This year saw the long-awaited appearance of Bluetooth products, including access points, printer adapters, PC cards and hands-free wireless headsets. We even saw some Bluetooth-enabled cell phones, which is what everyone says will be the catalyst for Bluetooth’s “explosion.” Although here at Network World we haven’t tested every Bluetooth product, those we have tested left us unimpressed.
Some stuff work as advertised, others left us scratching our heads (and worse, we’ve wanted to throw some equipment at the wall).
If you can imagine it, Bluetooth is even harder to install than IEEE 802.11b wireless LAN equipment. That’s saying a lot, considering how wireless LAN products get constantly hammered for its user-unfriendliness. From what we’ve seen, Bluetooth is a lot worse.
There’s no such thing as plug and play in Bluetooth. It’s usually plug, configure, pray and then, maybe, play.
Devices that do only one thing (such as printer adapters and headsets) fare better than more complex devices (such as access points and PDAs with integrated Bluetooth). While the technology may be simple to understand, it’s clear that many vendors have forgotten to make configuration software that is user friendly. That’s not surprising considering the technology industry’s track record — hardware is easy, software is hard.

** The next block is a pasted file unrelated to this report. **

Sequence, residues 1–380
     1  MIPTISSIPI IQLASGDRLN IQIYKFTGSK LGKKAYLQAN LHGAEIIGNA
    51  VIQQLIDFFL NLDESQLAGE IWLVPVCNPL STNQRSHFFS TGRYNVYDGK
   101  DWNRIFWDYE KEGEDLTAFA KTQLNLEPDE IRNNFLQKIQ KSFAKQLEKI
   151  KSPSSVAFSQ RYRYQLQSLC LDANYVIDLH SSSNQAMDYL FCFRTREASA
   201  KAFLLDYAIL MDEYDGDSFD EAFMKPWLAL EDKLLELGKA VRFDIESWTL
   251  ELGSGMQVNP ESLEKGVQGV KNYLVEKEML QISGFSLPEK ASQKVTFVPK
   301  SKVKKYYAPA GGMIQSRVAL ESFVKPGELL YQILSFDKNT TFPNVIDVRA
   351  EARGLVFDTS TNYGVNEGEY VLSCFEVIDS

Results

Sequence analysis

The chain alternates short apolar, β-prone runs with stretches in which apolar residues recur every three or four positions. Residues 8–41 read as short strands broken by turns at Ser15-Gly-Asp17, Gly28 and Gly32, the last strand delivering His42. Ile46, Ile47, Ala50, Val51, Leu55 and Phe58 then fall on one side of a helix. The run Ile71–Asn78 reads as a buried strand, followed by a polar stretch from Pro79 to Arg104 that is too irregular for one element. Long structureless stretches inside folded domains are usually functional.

Here’s an example: We tested a Bluetooth access point that promised to provide Internet access to Bluetooth-connected devices. Setting up an access point should be as easy as plugging in an Ethernet cable to the access point, letting our DHCP server assign it an IP address, and then use our Web browser to configure the access point through this IP address. After configuration, our Bluetooth devices should be able to get the Internet access. (That may sound hard to you, but it really is quite simple).
However, after this particular access point received the IP address and after we configured it, the access point kept asking our Bluetooth devices for a pass code. We tried all of the pass codes that the vendor suggested (there were three default ones), yet were still denied access (this happened through two different devices). We went back to the configuration software, discovered the section that listed the default pass codes, and even tried to enter a new pass code for the access point to recognize. It still didn’t work. The vendor’s documentation was no help — the documentation was one photocopied piece of paper. A second Bluetooth access point we tried out at least gave us connectivity, but had some issues trying to connect to one of our two Bluetooth devices.
All is not lost though as we received more favorable experiences with products that focus on one thing. For example, we think Jabra Corp.’s FreeSpeak Bluetooth Wireless headset did an outstanding job of “cutting the cord” between a hands-free headset and a mobile phone. Our Bluetooth-enabled phone and the Jabra headset connected quickly and painlessly, and we had no further configuration issues. That’s what Bluetooth was supposed to do, and in this case it worked.
Maybe Bluetooth is/was too ambitious — what started out as cable replacement morphed into a connectivity situation that is more nightmarish for end users than was intended. With the majority of products being pitched as an end user solution, it’s clear that work needs to be done to simplify the software and configuration side before we feel better. And that could be a difficult pill for vendors to swallow.